But owing to its excellent resistance to weather, rot, and insects, it is also a great option for outdoor furniture and patio decks. The wood has a fine grain and is very easy to work on. It glues extremely well and doesn't need much in the way of treatment against termites and other pests. The aromatic eastern cedar, a less common variety, has a much stronger scent and insect repellent properties.
Another very commonly available softwood, the Douglas fir is a great option when you want to do woodworking projects that involve painted surfaces. Since it doesn't stain very well, the best solution is to apply a coat of paint. Due to its more denser properties, fir is more commonly used in building and construction.
But due to its plentiful supply and affordable pricing, it is a great option for woodworking beginners to gain some early-on experience with home DIY projects.
It has excellent resistance to rot but is not too safe from insects. So it can be used for outdoor projects as well.
It is rather hard for a typical softwood and has a strong aroma. Some individuals have been known to have allergies when working on Douglas fir wood, so keep that in mind when planning to use this for the first time.
The first hardwood mentioned on this guide, maple is one of the most popular types of wood for making furniture. It is a moderately hard wood, with decent durability. There is also a softer variety commonly available in lumber yards, which is easier to work with.
Both kinds have a beautiful straight grain and are commonly available in lighter shades.
Darker shades are also available, and the wood can be stained with generally excellent results. With proper technique, you can even give it impressive and dark finishes.
If you are a beginner, working with hard Maple can be a trying experience, so you may want to start with the softer version at first. Maple is ideal for all kinds of furniture, including larger bedroom furniture. They also make for good cabinets, tables, and chests, as well as in flooring and on veneers.
This is not a block of wood that you would use for its decorative qualities. Poplar is more of a utilitarian hardwood, one that can be used in furniture surfaces that do not show on the exterior, like drawer boxes. The wood does not stain at all well, and if being used on exposed surfaces, should ideally be painted over.
It is also one of the softer and less expensive hardwoods, which is why it figures on our list of different types of wood for furniture projects at home.
You can easily find cheap options of this wood in the US, especially in its native East Coast.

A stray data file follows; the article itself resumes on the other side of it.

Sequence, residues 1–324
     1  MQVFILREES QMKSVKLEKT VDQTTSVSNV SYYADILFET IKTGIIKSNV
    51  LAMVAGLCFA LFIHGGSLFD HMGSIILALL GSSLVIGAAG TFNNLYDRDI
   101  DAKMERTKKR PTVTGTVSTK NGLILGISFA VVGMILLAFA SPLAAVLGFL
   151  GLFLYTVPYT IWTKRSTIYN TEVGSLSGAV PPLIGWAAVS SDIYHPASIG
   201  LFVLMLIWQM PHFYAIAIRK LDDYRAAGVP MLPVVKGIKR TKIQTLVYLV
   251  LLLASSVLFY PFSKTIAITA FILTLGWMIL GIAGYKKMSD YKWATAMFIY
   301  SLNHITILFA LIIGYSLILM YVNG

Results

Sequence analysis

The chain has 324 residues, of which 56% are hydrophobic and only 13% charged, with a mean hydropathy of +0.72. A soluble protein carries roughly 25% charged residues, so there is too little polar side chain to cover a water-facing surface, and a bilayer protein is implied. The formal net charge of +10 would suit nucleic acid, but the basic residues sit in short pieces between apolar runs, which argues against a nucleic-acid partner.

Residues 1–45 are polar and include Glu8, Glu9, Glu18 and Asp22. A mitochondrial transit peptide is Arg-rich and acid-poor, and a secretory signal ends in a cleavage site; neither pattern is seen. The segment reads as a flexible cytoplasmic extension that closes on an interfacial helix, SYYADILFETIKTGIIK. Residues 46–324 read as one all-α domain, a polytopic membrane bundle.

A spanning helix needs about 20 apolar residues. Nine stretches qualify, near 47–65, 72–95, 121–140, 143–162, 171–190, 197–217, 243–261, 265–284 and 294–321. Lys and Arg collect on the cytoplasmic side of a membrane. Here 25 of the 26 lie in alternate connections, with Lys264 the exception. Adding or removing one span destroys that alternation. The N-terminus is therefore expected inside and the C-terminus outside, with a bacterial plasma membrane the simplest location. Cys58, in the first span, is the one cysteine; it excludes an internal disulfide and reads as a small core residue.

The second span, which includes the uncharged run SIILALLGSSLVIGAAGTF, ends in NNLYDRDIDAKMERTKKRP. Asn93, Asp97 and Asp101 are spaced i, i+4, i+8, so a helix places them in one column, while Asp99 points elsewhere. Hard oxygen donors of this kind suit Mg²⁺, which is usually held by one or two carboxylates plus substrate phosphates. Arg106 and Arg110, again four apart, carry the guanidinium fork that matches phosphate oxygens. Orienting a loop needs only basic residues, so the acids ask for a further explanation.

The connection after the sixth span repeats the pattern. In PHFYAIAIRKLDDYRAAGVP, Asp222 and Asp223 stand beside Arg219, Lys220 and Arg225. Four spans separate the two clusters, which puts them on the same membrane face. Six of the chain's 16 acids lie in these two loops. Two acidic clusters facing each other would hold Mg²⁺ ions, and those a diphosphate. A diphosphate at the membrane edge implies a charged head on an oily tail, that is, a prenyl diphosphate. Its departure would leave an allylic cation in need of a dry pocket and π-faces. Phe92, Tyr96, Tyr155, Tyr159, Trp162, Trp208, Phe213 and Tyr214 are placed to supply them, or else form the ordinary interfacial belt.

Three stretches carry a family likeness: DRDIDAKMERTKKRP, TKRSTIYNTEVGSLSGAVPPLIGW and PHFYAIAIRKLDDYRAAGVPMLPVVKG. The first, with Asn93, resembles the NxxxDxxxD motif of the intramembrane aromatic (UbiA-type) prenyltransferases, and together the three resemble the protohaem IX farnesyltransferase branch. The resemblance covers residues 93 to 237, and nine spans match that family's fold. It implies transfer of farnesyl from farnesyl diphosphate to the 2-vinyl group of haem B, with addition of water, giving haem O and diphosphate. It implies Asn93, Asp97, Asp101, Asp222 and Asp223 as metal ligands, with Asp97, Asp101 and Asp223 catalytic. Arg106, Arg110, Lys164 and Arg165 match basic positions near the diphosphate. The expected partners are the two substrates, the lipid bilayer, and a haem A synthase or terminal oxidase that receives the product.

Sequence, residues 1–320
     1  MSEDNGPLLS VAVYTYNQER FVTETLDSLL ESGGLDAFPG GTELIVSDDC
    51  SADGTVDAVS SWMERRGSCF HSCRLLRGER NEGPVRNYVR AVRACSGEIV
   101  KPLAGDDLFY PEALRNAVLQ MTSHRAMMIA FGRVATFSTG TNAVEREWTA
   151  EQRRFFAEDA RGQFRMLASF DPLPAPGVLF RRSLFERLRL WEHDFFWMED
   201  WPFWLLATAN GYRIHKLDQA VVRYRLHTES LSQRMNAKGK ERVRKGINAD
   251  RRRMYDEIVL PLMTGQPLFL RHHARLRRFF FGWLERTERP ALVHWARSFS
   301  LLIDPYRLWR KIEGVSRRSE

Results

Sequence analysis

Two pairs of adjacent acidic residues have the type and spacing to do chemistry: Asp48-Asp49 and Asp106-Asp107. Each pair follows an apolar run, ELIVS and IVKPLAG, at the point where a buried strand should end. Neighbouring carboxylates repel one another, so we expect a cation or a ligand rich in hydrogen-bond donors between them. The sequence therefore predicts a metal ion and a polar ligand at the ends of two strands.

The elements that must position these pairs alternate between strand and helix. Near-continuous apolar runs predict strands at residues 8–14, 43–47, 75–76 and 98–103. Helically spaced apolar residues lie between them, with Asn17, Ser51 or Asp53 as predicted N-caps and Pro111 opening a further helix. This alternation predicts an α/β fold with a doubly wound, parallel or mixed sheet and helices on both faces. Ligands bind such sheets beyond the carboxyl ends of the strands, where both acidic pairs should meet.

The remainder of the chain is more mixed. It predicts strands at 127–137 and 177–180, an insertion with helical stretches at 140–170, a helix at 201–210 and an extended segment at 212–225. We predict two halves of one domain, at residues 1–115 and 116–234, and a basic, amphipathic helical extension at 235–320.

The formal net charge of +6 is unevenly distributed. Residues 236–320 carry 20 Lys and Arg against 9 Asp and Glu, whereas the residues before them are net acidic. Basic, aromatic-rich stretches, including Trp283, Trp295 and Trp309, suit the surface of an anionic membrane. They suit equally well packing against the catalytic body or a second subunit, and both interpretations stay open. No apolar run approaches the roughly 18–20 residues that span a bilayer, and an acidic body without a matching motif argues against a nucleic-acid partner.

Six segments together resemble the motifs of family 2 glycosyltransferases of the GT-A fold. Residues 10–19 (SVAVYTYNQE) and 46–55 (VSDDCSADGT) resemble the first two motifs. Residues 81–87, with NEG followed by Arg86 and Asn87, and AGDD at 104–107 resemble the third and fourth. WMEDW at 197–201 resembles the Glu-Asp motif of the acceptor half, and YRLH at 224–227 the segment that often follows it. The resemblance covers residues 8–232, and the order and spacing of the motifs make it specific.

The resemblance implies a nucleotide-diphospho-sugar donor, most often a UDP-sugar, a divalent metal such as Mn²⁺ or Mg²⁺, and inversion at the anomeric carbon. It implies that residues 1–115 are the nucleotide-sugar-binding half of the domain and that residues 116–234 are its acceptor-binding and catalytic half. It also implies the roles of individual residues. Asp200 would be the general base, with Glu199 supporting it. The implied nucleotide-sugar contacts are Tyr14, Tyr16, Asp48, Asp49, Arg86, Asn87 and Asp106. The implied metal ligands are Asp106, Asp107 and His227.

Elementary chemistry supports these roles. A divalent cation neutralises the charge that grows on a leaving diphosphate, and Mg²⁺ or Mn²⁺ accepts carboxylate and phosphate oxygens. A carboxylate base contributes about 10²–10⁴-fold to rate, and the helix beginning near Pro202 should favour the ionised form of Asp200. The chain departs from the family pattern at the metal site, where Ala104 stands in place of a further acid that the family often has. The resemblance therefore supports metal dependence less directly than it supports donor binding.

This wood is not very durable when exposed to the elements, and is vulnerable to insect attacks. This makes it more suitable for indoor furniture projects.
Another cheaper species of hardwood, birch is available in two varieties with varying color properties (yellow and white). The wood is capable of showing dramatic patterns, which can work wonders with proper staining. It is quite easy to stain and can deliver a smooth finish on planing.
But owing to the dense nature of the wood, you may have to use power tools like this Makita hand planer instead of hand tools when working with this wood.
But as a cheap wood, birch does not rank very highly on the durability scale.
It is not resistant to rot and is very vulnerable to insects. This makes it a viable option for indoor furniture and paneling at best.
A perennial favorite for making furniture as well as paneling and flooring, oak has a beautiful texture. Though red oak is more commonly available in home centers, white oak is what you need if you want to make some outstanding looking pieces of furniture.
It is resistant to moisture and can be used in outdoor projects as well. The wood is hard and heavy, and not very easy to work with for amateurs.
But it responds to most tools with stability, and can easily be nailed or fixed with screws. And staining and surface finishing is also not a major problem.
The price though can be a bit of an issue, though it is not as high as some of the more expensive exotic options like teak or mahogany. But owing to its density and toughness, you may want to gain some experience before starting on woods like oak.
This is just a basic introductory guide to some of the common beginner-friendly wood species out there. As there are numerous options available in home centers and lumberyards, this should by no means be considered as a comprehensive guide.
Still, we hope this guide does provide you with usable information. If you have any comments or suggestions, do let us know in the section below. Also, don't forget to check out your local lumber yards for best quality options for your project.